The Centers for Medicare & Medicaid Services (CMS) clarified some details on the controversial "two-midnight rule," shortly after its decision to delay implementation of the rule until October--the third such hold-up, according to the Healthcare Financial Management Association.
Under the rule, a patient must stay in a hospital for two consecutive midnights before Medicare reimburses the hospital at inpatient rates. In its clarification, made during a Tuesday conference call, CMS officials specified that hospitals must include the admitting physician's signature before discharge in their documentation of patients admitted under the rule, HFMA reports.
Even if another clinician who lacked admitting privileges entered the patient's information, the admitting physician's signature would be sufficient certification, according to Daniel Schroeder, a member of CMS' division of acute care, HFMA reported.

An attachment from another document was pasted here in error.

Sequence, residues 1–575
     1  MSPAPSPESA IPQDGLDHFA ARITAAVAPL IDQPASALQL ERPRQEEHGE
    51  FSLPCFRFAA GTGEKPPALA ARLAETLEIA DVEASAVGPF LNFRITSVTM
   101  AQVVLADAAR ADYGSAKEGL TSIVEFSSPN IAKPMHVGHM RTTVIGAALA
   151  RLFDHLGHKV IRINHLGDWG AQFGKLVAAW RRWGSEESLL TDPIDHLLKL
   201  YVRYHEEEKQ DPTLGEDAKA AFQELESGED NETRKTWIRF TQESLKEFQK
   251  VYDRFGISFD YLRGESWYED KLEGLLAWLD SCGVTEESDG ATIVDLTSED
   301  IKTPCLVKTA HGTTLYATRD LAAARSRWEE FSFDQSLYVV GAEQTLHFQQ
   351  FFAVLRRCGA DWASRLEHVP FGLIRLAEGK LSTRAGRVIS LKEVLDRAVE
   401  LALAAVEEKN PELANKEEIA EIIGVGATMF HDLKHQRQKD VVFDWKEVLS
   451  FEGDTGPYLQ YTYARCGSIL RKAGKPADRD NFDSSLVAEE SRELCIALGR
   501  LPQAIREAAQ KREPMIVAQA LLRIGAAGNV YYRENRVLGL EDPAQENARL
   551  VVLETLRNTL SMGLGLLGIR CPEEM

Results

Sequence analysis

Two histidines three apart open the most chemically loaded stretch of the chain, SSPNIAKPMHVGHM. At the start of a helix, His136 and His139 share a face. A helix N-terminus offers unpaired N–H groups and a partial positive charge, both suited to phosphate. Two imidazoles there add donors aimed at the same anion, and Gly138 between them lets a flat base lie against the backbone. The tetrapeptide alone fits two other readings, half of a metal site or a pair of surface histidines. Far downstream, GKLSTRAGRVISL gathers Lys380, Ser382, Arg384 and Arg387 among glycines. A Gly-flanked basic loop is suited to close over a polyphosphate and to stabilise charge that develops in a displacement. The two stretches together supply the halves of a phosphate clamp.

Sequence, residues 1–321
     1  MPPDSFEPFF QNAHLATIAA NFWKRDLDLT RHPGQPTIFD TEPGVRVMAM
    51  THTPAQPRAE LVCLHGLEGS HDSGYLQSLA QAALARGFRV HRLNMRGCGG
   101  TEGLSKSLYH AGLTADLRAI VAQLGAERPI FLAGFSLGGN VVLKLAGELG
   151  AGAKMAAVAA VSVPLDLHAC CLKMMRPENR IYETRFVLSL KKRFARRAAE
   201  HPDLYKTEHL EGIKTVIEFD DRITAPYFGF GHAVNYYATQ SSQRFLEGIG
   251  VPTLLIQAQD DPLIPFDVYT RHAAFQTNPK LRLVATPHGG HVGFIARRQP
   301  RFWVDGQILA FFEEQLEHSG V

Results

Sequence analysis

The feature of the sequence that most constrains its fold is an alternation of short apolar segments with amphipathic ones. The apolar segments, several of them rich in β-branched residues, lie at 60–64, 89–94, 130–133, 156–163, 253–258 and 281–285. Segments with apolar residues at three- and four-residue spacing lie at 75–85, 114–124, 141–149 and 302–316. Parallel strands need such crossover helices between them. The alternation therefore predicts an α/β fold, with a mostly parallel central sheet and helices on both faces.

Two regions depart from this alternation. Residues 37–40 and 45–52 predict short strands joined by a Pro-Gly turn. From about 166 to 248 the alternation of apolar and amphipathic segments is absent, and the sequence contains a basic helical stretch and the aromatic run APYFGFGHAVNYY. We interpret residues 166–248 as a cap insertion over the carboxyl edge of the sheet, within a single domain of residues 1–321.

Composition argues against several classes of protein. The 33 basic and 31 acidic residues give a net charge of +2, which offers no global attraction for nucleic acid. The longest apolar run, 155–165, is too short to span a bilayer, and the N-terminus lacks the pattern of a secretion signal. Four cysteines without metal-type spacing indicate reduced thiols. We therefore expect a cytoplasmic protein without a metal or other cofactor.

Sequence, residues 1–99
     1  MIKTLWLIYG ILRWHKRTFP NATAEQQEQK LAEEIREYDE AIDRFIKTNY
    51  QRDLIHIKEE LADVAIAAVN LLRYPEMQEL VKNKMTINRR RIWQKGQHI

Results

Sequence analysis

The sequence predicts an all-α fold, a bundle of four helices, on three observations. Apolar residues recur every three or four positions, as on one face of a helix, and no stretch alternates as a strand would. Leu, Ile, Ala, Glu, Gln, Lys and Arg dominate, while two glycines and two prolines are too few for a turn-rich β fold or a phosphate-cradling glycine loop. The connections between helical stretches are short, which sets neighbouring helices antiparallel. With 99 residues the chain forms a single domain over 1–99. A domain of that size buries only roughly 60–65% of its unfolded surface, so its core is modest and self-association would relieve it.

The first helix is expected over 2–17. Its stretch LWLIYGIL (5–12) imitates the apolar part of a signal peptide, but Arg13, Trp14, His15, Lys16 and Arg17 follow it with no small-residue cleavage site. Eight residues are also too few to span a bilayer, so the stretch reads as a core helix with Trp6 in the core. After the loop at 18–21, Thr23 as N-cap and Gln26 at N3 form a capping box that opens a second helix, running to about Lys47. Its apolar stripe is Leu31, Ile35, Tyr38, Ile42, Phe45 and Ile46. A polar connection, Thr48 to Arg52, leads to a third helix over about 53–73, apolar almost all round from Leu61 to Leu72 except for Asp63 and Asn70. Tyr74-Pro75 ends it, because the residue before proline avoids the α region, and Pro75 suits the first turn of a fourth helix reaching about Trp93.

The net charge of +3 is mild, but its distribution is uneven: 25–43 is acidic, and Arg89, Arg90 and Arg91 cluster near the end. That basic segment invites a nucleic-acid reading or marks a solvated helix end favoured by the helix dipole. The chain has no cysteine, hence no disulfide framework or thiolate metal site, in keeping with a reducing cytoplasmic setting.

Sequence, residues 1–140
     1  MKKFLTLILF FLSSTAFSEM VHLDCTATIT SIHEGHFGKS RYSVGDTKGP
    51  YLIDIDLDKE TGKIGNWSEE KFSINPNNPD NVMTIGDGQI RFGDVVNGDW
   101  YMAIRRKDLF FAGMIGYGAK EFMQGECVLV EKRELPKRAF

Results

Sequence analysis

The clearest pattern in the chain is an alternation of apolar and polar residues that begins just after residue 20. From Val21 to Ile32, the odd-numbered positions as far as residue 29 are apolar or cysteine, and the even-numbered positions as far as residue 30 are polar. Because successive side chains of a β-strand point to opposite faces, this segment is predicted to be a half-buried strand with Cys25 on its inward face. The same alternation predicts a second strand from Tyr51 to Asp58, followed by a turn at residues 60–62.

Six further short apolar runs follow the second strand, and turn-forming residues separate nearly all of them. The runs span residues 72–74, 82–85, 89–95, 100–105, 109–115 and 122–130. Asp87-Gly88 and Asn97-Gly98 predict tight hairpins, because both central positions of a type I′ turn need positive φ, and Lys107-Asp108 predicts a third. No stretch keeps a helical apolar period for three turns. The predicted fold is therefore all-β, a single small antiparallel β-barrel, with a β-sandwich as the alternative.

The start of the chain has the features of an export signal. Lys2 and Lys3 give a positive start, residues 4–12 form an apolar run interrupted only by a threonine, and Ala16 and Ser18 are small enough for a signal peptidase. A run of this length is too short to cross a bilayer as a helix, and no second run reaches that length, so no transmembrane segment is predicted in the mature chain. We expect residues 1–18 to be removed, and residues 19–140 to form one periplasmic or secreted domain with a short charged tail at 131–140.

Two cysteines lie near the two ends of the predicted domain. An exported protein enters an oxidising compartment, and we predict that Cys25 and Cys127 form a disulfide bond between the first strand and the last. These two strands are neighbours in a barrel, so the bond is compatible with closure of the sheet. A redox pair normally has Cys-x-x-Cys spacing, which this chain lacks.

Hospitals must also include documentation if they discharge an inpatient before the two-midnight threshold due to unforeseen circumstances, Schroeder said in the call. Furthermore, if the admitting physician's doesn't sign, Schroeder said, hospitals must treat the care as Part B outpatient care, which carries lower payments, when seeking reimbursements.
CMS announced the implementation delay over the weekend; the rule would have gone into effect March 31. Although hospital groups applauded the move, Greater New York Hospital Association President Kenneth Raske told Capital New York his group would "continue to vigorously oppose the two-midnight policy and seek to overturn it through both legislation and the judicial process," FierceHealthFinance previously reported.